Polytechnic University of Bucharest (ROMANIA)
INRIA Rhône-Alpes (FRANCE)
CADP (Construction and Analysis of Distributed Processes)
about 160,000 states and 17,000,000 transitions
The functioning of a distributed system can be affected by several
types of failures: software crashes, disk and hardware errors, and
power losses. The first consequence of such a failure is a data loss,
which can lead to an inconsistent state of the system. The state of a
distributed system depends upon the states of all processes in the
system and upon the communications between these processes. Therefore,
the failure of a process could propagate to other processes and affect
the global behaviour of the system. Given that safety-critical
distributed systems must be able to function even in the presence of
some failures, ensuring reliability of such systems is an important
There are two main approaches used for recovery of a consistent state of the system after a failure: forward error recovery, when an erroneous state is further used, in an attempt to generate the correct state, using error compensation techniques; and backward error recovery, when some processes are rolled back to a previous error-free state, and then the computation is restarted. The latter approach is more general, because it allows to recover from an arbitrary failure. It is based upon the notion of recovery point, which allows saving and restoring the state of a process. One of the most used techniques for obtaining recovery points is the checkpointing, in which a set of local checkpoints (saved local states) is determined during normal computation, such as upon a failure occurrence, a rolled back computation can be resumed from this set.
Two checkpointing algorithms were formally specified in LOTOS and validated using the CADP toolbox: the Sync-and-Stop (SNS) algorithm and the Chandi-Lamport (CL) algorithm. The configurations considered consist of several processes communicating through an interconnection network that may have different topologies (star, ring, bi-directional ring, and full connectivity). The processes implement a finite distributed computation and can access a stable storage, on which the checkpoints and message logs are stored. The application behaviour and the checkpoint management are modelled using a controller process.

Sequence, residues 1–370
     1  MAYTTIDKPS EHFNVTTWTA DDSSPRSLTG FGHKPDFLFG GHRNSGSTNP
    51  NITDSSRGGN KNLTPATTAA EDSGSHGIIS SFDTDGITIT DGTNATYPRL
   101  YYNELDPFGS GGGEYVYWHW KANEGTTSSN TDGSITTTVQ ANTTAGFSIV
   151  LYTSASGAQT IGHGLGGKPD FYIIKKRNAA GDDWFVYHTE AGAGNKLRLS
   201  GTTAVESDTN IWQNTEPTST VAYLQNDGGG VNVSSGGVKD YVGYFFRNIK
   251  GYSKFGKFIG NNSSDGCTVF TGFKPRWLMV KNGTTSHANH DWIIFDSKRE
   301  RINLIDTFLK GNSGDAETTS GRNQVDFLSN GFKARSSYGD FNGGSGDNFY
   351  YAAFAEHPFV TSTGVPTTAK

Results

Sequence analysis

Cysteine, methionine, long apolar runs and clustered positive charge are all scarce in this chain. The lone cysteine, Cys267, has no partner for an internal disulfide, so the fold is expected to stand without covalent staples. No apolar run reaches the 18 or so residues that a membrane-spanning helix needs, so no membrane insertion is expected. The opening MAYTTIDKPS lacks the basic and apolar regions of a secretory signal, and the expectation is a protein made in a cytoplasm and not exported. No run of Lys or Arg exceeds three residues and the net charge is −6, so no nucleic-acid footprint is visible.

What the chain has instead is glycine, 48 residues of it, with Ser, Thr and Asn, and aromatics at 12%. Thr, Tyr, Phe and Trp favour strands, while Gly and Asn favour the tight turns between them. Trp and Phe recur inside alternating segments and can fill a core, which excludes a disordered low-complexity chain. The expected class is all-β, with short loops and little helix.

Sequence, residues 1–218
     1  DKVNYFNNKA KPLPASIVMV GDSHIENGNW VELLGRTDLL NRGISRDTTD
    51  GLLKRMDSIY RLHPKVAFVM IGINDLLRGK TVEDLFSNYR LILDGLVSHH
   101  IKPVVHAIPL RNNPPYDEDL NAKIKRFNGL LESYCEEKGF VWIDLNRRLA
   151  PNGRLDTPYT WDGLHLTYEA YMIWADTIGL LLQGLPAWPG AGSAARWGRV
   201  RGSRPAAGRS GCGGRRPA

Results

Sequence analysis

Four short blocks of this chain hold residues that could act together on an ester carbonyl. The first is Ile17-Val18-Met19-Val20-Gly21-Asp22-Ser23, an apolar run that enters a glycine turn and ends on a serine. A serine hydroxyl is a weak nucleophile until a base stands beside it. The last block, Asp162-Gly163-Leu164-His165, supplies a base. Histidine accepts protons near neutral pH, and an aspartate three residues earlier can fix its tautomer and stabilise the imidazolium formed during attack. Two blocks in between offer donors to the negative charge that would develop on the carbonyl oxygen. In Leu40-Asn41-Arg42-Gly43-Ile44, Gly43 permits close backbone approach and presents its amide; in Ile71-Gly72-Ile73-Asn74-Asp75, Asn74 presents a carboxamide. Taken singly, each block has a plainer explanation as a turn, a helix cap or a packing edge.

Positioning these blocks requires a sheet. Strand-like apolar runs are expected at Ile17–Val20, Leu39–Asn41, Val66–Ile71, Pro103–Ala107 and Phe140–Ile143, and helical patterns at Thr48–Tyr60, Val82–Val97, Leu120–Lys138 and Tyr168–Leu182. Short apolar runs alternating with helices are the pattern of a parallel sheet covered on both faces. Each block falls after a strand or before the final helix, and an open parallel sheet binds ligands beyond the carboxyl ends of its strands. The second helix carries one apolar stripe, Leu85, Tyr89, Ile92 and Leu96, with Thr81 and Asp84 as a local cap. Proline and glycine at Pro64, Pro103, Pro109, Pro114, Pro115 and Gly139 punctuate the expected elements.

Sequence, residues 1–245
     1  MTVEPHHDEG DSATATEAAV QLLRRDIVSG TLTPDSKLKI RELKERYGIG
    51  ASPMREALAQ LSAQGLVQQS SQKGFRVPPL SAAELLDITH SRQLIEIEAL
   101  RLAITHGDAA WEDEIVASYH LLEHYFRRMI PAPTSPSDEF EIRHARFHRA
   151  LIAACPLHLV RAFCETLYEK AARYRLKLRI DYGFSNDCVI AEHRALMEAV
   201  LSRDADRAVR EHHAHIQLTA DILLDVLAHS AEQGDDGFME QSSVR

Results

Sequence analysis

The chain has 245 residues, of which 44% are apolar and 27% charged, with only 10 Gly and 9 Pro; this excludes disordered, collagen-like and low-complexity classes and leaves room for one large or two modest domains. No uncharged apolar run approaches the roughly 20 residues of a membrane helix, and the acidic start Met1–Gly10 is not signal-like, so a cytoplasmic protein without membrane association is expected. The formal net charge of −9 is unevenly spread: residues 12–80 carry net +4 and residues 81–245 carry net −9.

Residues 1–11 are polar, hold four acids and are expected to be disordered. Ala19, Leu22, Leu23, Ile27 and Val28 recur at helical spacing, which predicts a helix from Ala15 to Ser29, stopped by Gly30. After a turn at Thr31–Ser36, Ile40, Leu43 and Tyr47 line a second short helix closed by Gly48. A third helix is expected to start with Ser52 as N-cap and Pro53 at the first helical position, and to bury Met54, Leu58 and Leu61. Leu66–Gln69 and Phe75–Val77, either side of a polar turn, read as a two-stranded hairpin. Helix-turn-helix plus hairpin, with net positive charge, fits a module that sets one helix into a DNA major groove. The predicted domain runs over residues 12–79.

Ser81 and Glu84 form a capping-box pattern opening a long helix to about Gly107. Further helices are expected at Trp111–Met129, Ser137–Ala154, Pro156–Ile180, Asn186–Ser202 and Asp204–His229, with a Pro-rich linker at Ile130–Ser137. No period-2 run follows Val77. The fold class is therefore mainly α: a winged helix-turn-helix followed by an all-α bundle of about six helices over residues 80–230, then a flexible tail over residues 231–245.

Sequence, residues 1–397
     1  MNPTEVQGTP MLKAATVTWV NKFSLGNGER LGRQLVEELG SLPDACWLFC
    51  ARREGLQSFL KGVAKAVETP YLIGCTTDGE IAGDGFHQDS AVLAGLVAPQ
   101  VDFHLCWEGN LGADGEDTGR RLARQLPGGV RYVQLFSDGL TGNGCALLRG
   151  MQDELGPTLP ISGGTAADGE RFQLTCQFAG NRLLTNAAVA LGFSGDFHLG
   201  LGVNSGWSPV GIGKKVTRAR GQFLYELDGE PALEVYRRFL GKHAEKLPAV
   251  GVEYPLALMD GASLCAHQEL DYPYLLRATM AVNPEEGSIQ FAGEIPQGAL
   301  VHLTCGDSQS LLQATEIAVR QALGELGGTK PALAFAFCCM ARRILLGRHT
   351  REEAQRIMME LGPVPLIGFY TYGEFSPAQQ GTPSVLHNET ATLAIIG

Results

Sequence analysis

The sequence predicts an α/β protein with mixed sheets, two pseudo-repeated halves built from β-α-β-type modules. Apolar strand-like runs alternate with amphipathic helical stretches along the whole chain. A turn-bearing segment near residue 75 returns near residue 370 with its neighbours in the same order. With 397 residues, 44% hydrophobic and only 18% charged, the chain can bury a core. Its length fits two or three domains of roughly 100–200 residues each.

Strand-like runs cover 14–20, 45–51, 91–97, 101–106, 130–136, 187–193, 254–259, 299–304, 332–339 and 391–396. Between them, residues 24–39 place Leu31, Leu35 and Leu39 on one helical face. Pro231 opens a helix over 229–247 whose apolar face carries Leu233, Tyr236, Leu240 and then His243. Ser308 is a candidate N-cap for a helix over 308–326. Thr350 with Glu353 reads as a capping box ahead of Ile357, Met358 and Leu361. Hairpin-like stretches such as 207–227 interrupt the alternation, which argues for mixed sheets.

Several variants of each checkpointing algorithm have been studied, by varying the parameters of the system (number of processes, network topology, presence/absence of failures). The Labeled Transition System model for each configuration has been constructed using the CADP tools (for the largest configurations, containing 8 processes, compositional generation techniques were used). Several correctness properties were formulated and encoded in regular alternation-free mu-calculus: deadlock and livelock freedom, successful termination, message delivery, cut consistency, safety and liveness of checkpointing. All these properties have been successfully verified on each model using the EVALUATOR 3.0 model-checker of CADP.
Formal description techniques such as LOTOS provide a useful framework
for studying distributed algorithms in general and checkpointing
algorithms in particular. Developing and validating gradually complex
specifications is possible due to the compositional analysis techniques
offered by CADP.
Gavril Godza, Valentin Cristea, and Radu Mateescu.
"Formal Specification of Checkpointing Algorithms".
Proceedings of the 13th International Conference on
Control Systems and Computer Science CSCS 13 (Bucharest,
Romania), pp. 311-317, June 2001.
Available on-line from the CADP Web site in PDF or PostScript
prof. Valentin Cristea
Polytechnic University of Bucharest
Computer Science Department
313, Splaiul Independentei, Sector 6
Tel: +40 1 410 0325
Fax: +40 1 411 2181
|This case study, amongst others, is described on the CADP Web site: http://cadp.inria.fr/case-studies